Saturday 9 July 2011

Silverstone Qually: Red Bulls rained in

The Red Bulls have locked out the front row for tomorrow's British Grand Prix. But don't let that fool you - this was no run of the mill 2011 qualifying session. For one thing, the chasing pack, in particular Fernando Alonso's Ferrari, were in much closer attendance than usual. For another, for once, it's Mark Webber who claimed pole.

Mark Webber pipped his team mate to claim pole position
Credit: Alex Comerford / CC
The Australian has looked confident behind the wheel all weekend, including in the perfidious conditions experienced during much of practice. The qualifying session, like every practice session here, was impacted by rain showers, though slick tyres were still what was required. Webber pipped team mate Sebastian Vettel by less than half a tenth of a second, making it only the second time this year Seb has missed out on fronting the grid (the other time being in Barcelona, when Webber again sneaked ahead of his team mate).

Reports of the Red Bulls' death, with the new interpretation of off throttle blown diffusers supposedly being the bullet, were somewhat exaggerated then. For all of that talk, it shouldn't be forgotten that the Red Bull is a fundamentally very good racing car, and it was going to take more than that to usurp them. But it was still the case that the chasing pack, especially the Ferraris, have been brought closer to them, at a track considered to be firmly Red Bull country. Whether this represents the new off throttle blowing regs benefiting them particularly (there's been some dark muttering that it has), or their technical upgrades being particularly fruitful, or both, depends on who you're talking to.

Fernando Alonso is a man to watch tomorrow
Credit: Alex Comerford / CC
Fernando Alonso lurks menacingly in third place on the grid, but a tenth shy of Webber's time, with team mate Massa, usually hot off the starting line, alongside him. The Ferraris have been stronger on a Sunday than on a Saturday all season, so I suggest you keep an eye out for them, Alonso especially, tomorrow. The exhaust regulation issue still has some way to run, but the Scuderia could give the Bulls something to think about in the races at least in the season's remainder, if not the championships. And don't forget that Alonso has two (close) second places in the last three races, and could well have won the other given a dry day - so they were coming on strong even before the off throttle blown diffusers rose to celebrity.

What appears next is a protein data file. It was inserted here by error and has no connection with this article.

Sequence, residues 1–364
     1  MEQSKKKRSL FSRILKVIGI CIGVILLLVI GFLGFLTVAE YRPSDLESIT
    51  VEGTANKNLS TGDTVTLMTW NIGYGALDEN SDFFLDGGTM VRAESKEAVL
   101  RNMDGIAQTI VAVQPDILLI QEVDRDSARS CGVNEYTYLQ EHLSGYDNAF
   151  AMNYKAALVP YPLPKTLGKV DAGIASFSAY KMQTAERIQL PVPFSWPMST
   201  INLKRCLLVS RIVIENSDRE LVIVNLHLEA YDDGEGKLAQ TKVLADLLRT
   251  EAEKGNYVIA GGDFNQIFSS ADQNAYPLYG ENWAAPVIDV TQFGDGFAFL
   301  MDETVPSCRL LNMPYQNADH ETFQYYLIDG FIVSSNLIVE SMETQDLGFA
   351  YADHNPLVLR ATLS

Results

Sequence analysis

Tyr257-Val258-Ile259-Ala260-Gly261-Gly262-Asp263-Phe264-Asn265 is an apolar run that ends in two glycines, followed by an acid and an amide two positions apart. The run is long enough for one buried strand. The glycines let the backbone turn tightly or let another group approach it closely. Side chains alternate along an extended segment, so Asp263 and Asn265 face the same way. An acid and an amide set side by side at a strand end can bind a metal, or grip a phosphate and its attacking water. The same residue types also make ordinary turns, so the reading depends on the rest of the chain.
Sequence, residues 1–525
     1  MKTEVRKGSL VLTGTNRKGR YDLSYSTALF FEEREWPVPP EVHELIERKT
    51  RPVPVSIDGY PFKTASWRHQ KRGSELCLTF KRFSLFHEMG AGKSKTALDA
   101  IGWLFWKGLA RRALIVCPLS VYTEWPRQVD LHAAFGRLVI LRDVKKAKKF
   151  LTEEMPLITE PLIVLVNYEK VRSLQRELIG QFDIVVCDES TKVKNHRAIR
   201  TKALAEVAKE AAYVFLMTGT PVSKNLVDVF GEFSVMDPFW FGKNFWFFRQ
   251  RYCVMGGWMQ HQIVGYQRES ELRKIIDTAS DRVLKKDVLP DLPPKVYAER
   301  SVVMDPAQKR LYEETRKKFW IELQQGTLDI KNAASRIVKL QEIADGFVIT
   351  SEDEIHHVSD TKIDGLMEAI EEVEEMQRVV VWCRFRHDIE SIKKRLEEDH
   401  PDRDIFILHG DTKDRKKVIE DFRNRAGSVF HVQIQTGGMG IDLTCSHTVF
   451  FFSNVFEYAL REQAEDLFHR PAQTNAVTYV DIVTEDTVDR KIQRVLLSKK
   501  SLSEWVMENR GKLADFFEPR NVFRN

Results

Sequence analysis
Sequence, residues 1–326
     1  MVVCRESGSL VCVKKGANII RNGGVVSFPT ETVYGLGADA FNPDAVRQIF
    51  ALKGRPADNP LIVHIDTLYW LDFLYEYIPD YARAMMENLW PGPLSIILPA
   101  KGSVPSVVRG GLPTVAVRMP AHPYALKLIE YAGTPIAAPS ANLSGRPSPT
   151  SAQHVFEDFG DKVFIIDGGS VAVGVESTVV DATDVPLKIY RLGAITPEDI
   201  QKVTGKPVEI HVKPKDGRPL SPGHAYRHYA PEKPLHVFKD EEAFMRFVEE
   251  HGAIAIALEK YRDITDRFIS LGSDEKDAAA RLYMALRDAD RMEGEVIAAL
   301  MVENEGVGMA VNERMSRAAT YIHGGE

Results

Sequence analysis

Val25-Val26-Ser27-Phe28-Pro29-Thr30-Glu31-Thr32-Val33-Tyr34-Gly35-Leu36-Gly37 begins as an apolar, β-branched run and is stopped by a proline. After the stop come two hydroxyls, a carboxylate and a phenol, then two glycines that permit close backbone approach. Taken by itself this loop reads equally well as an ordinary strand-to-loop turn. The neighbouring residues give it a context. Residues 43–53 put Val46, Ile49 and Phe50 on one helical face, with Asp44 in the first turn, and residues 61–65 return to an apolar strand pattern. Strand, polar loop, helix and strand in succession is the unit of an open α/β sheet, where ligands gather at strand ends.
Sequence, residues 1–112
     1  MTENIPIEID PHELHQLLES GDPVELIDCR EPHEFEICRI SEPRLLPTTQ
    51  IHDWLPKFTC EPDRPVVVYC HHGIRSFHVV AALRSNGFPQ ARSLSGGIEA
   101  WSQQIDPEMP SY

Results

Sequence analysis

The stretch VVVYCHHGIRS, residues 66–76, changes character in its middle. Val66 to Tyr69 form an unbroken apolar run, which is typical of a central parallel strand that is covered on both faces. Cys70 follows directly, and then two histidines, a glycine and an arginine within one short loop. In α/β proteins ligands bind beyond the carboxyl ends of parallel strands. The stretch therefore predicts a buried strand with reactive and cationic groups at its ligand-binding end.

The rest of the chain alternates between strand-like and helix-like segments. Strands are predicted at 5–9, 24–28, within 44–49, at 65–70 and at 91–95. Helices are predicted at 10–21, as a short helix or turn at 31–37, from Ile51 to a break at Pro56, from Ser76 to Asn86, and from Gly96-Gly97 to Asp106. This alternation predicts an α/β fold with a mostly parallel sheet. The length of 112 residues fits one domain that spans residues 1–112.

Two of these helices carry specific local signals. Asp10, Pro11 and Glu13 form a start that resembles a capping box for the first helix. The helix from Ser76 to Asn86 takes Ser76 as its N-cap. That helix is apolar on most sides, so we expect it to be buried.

One team who definitely didn't benefit from the new exhaust spec was McLaren. They struggled for pace throughout and Jenson lines up fifth tomorrow, and second and a half shy of Webber's time, and Lewis tenth (amazingly, the lowest British driver on the grid, Di Resta did magnificently to qualify sixth). McLaren once again goofed up Lewis's qualifying strategy, him being sent out on used tyres at the start of the final session, and a late (but expected) rain shower meant he couldn't do another quick lap. It perhaps is little wonder that Lewis seems so frustrated right now. It's also worth wondering where McLaren might have been if Mercedes hadn't won their exhaust concession for this weekend.

Christian Horner wasn't happy
Credit: Gregory Moine / CC
Which brings us neatly onto the off throttle blown diffuser debate. Not entirely unexpectedly, it had some legs today as well. This morning the FIA, quoting their rules, pointed out that they can't accept new evidence/arguments from teams over regulations after 10am on a Thursday before the meeting. This is fine, but it makes you wonder why they didn't realise this yesterday. Therefore, the concession they offered to the Renault powered teams yesterday was dramatically un-offered. Christian Horner and Adrian Newey of Red Bull (who use Renault engines) were mysteriously absent from the pit wall in morning practice, as they were seemingly having a major whinge at the FIA's Charlie Whiting, before emerging with faces that could stop a clock. A meeting of all teams with the FIA followed between practice and qualifying. The outcome was (and is) unclear, other than Red Bull accepted to proceed as you were before their Friday concession, for this weekend only. So this is an uneasy and temporary ceasefire, rather than peace in our time. It further underlines the folly of changing rules mid-season (especially when safety and/or force majeure isn't involved), as well as that, as in their attempted reinstatement of the Bahrain GP, the FIA doesn't seem entirely familiar with its own rules.

This one still has some life in it, as I said.

Qualifying results

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